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Generational Trauma: A poem on race relations by Long Island H.S. freshman

A picture of George Floyd hangs on a

A picture of George Floyd hangs on a fence outside the Hennepin County Government Center, Tuesday, March 30, 2021, in Minneapolis. Credit: AP/Jim Mone

'Generational Trauma'

"All men are created equal"

in a time where Black people

were not men but animals.

Bred and underfed,

erasable and replaceable.

Emancipation Proclamation.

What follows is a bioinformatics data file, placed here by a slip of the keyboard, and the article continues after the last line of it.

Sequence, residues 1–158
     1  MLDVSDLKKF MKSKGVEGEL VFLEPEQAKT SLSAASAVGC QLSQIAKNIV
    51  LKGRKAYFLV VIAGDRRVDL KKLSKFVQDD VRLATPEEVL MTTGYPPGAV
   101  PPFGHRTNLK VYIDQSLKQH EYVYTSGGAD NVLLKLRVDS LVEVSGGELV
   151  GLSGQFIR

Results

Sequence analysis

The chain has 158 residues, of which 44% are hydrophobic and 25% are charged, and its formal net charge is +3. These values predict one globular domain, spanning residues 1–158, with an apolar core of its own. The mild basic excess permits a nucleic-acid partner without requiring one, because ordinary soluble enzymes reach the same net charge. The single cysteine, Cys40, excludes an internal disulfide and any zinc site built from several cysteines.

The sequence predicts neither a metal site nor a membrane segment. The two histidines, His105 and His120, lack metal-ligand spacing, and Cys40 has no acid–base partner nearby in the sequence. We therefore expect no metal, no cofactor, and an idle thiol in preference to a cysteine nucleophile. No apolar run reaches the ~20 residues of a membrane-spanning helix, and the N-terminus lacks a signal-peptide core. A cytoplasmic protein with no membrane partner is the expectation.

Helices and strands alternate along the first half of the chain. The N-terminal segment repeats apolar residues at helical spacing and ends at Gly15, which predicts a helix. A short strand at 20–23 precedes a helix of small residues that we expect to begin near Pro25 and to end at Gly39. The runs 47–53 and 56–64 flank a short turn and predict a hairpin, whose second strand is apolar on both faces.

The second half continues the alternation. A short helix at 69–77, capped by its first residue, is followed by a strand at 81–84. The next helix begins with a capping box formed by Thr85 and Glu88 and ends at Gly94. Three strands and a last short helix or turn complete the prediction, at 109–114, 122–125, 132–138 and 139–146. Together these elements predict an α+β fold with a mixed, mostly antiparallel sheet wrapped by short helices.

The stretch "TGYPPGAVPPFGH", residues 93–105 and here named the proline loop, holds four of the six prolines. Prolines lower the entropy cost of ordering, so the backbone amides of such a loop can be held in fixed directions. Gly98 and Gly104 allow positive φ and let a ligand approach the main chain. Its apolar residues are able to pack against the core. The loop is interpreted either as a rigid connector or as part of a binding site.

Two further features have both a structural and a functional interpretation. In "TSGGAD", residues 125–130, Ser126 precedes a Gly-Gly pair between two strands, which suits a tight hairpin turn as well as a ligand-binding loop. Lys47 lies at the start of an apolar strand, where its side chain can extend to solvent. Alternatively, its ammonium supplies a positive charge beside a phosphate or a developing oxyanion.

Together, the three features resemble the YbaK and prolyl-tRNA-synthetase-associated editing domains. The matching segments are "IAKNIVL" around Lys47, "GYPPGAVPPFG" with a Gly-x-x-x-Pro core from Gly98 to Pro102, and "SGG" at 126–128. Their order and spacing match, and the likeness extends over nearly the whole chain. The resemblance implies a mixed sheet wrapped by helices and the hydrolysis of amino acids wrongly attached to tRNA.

The burdens on our backs have been lifted just to be back in a system where we're beat.

Beat to the core through jim crow laws.

Thrown behind bars for living.

"You ain’t Black." "I’m more Black than you."

The skin I carry on my back makes me Black.

People look and think "thug," "thief," "liar" when they don't even know me.

The shuffled walk,

The pull of the purse,

The crossing of the street.

Scared of a man scared of himself.

Say their names,

Tamir Rice,

Trayvon Martin,

George Floyd.

Who's next …

Me?

Andrew Grant,

Dix Hills

Editor’s note: The writer is a freshman at Half Hollow Hills West High School.

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